Waking Up

Because we have recently adjusted to “summer time” here in Albuquerque, NM, I have been more aware of my circadian rhythm being in synch with nature’s rhythm. “Summer time” is when the days get longer in the warmer months so that darkness falls at a later clock time. I am watering my urban garden at sundown, adjusting my sleep pattern with the sunset times, and sitting on the porch before I go to bed. 
But I’ve also been thinking of sunrises, dawns, and early morning rising because the birds are back on the electrical wires outside of my apartment. They wake me gently up with their chirping. Dr. Linnea frequently recommends getting enough sunlight in the early morning to improve our sleep. She writes in her blog on ways to heal a dysregulated nervous system that: “We can improve our sleep by exposing our eyes to the sun in the morning. . . .” (“47 Practices to Heal a Dysregulated Nervous System”). She also notes the power of journaling and books to help heal us. 
I have found that reading poetry has been one of the most healing modalities of my journey thus far. This is because I will memorize poems that I want to comfort me in distressing times or reach out to poets that I know have a similar experiences as me. This makes me feel less alone. 
I’d like to share one of my favorite poems, “Dawn Revisited” by Rita Dove, with you. The speaker wants us to think about those early mornings:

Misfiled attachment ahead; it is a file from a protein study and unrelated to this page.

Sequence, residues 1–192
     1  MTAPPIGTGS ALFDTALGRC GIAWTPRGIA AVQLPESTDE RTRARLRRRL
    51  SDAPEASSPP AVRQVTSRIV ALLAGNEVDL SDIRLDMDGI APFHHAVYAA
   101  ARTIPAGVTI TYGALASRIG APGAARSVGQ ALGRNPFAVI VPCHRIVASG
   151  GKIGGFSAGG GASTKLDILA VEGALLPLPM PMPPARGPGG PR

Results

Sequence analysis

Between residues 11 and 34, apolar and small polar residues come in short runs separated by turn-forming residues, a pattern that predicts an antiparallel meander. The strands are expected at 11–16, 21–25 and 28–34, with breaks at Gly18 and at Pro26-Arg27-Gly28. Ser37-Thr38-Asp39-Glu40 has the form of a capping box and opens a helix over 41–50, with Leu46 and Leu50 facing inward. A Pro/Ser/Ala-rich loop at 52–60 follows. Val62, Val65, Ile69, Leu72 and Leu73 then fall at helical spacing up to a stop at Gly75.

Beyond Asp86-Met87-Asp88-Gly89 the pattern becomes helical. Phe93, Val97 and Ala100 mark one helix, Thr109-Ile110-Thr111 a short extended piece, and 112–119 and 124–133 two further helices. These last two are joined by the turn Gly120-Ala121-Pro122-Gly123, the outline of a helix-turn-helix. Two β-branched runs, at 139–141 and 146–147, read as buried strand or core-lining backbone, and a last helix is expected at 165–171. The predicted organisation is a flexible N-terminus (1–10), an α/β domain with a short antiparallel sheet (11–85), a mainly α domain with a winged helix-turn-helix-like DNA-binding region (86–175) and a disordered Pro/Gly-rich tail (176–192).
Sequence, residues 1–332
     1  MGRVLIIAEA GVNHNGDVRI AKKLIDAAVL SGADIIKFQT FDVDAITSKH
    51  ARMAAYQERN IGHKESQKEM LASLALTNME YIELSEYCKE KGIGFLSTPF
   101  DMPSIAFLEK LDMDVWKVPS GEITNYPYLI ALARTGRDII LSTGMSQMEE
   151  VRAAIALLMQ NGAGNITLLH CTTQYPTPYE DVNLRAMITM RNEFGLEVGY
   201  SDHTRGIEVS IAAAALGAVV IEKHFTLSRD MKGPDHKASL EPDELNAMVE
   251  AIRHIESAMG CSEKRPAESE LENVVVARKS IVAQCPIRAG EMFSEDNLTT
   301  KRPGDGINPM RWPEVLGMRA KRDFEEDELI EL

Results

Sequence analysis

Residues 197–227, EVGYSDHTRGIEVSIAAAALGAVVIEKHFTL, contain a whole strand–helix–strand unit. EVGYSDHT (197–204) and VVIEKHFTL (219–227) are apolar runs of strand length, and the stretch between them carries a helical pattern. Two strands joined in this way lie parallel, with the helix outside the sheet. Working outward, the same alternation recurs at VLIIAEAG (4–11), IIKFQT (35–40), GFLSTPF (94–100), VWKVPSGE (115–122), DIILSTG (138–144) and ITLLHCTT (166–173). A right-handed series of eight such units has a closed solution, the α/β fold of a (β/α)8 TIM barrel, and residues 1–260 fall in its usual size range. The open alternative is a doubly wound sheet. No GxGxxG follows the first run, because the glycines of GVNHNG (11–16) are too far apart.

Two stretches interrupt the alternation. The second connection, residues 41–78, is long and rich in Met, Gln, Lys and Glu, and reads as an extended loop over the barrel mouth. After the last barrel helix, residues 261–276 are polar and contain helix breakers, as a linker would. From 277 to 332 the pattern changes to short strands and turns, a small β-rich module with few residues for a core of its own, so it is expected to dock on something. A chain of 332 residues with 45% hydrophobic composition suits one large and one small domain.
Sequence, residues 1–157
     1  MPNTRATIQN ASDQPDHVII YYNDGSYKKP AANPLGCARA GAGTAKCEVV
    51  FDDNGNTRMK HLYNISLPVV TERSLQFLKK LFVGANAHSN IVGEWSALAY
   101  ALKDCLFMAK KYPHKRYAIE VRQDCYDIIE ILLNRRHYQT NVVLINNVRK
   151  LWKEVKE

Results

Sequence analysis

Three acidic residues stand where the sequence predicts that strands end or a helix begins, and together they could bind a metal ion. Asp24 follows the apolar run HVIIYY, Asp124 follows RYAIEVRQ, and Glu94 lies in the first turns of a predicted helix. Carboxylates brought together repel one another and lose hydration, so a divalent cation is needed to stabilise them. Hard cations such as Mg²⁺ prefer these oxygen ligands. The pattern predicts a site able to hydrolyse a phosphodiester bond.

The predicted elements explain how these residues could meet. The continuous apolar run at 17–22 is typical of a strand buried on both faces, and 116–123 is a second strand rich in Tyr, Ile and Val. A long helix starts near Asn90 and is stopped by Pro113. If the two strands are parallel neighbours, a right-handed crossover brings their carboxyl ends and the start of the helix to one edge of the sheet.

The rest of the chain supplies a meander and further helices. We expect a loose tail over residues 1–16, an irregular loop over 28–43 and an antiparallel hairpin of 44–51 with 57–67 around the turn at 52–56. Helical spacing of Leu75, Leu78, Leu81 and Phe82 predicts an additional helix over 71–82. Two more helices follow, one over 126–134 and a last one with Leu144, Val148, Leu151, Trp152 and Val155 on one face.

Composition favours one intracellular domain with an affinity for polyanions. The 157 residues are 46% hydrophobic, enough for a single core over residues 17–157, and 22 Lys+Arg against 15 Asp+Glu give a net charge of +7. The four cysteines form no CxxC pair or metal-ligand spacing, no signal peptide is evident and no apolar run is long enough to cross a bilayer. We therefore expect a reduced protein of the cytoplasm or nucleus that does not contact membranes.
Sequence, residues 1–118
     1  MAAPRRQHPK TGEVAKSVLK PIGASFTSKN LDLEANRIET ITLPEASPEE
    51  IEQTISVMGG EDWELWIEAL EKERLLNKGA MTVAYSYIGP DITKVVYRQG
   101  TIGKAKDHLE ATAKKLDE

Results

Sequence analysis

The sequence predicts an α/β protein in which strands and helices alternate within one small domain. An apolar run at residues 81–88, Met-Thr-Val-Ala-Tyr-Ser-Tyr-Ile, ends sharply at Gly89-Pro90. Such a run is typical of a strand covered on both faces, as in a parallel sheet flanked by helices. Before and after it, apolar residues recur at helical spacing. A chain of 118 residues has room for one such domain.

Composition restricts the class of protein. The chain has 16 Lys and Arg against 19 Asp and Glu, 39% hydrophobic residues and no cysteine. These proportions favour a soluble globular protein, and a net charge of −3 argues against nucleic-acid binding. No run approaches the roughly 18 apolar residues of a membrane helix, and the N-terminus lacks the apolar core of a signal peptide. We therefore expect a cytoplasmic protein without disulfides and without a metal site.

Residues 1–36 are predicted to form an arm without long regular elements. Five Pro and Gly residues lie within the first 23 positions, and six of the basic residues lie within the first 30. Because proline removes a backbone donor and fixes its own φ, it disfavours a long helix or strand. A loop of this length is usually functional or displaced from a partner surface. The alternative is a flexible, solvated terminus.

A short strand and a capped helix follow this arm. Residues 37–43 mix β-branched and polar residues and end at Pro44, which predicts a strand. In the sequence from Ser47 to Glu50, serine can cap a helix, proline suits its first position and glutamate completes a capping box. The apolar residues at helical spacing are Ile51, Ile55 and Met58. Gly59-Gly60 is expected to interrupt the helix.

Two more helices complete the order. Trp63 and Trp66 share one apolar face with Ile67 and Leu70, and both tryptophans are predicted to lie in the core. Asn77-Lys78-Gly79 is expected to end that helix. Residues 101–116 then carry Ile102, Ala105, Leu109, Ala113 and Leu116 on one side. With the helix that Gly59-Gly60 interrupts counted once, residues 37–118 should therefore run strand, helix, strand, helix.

Imagine you wake up
with a second chance: The blue jay
hawks his pretty wares
and the oak still stands, spreading
glorious shade. If you don’t look back,
the future never happens.
How good to rise in sunlight,
in the prodigal smell of biscuits –
eggs and sausage on the grill.
The whole sky is yours
to write on, blown open
to a blank page. Come on,
shake a leg! You’ll never know
who’s down there, frying those eggs,
if you don’t get up and see.
I love how the poem points to the interconnected relationship many of us have with our past lives, our present struggles and glimmers of green, and our hope to one day live into a future that is, to use Dr. Linnea’s terms— restored, connected, and expanded. “The whole sky is . . . blown open.” And how hopeful the speaker sounds when she tells us to wake up, be disciplined, be curious—“You’ll never know / who’s down there, frying those eggs, / if you don’t get up and see”!
What do mornings mean to you on your healing journey?
How does “summer time” connect you to something?